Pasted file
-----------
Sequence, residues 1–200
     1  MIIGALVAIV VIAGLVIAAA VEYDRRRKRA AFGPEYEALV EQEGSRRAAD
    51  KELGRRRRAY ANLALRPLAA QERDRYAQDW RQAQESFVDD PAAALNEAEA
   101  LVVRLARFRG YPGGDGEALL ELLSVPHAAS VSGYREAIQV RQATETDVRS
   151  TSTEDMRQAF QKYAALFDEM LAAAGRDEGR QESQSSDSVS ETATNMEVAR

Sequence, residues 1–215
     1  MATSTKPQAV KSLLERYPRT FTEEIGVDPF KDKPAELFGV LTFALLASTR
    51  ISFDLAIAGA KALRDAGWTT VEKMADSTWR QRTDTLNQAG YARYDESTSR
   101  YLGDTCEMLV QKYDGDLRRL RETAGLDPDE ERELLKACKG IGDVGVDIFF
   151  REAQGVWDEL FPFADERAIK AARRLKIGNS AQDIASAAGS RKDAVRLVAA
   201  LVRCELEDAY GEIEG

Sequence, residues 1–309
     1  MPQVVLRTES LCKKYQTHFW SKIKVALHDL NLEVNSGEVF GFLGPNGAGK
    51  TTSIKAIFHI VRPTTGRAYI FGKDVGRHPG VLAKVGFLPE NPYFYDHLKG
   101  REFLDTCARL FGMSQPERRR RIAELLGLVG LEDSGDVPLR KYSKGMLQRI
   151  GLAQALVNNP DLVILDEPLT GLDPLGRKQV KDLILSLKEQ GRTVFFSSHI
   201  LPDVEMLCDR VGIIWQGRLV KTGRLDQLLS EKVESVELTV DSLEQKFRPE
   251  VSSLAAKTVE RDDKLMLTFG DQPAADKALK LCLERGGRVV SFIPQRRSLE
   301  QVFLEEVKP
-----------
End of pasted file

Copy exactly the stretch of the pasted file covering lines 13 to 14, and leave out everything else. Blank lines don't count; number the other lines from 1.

     1  MPQVVLRTES LCKKYQTHFW SKIKVALHDL NLEVNSGEVF GFLGPNGAGK
    51  TTSIKAIFHI VRPTTGRAYI FGKDVGRHPG VLAKVGFLPE NPYFYDHLKG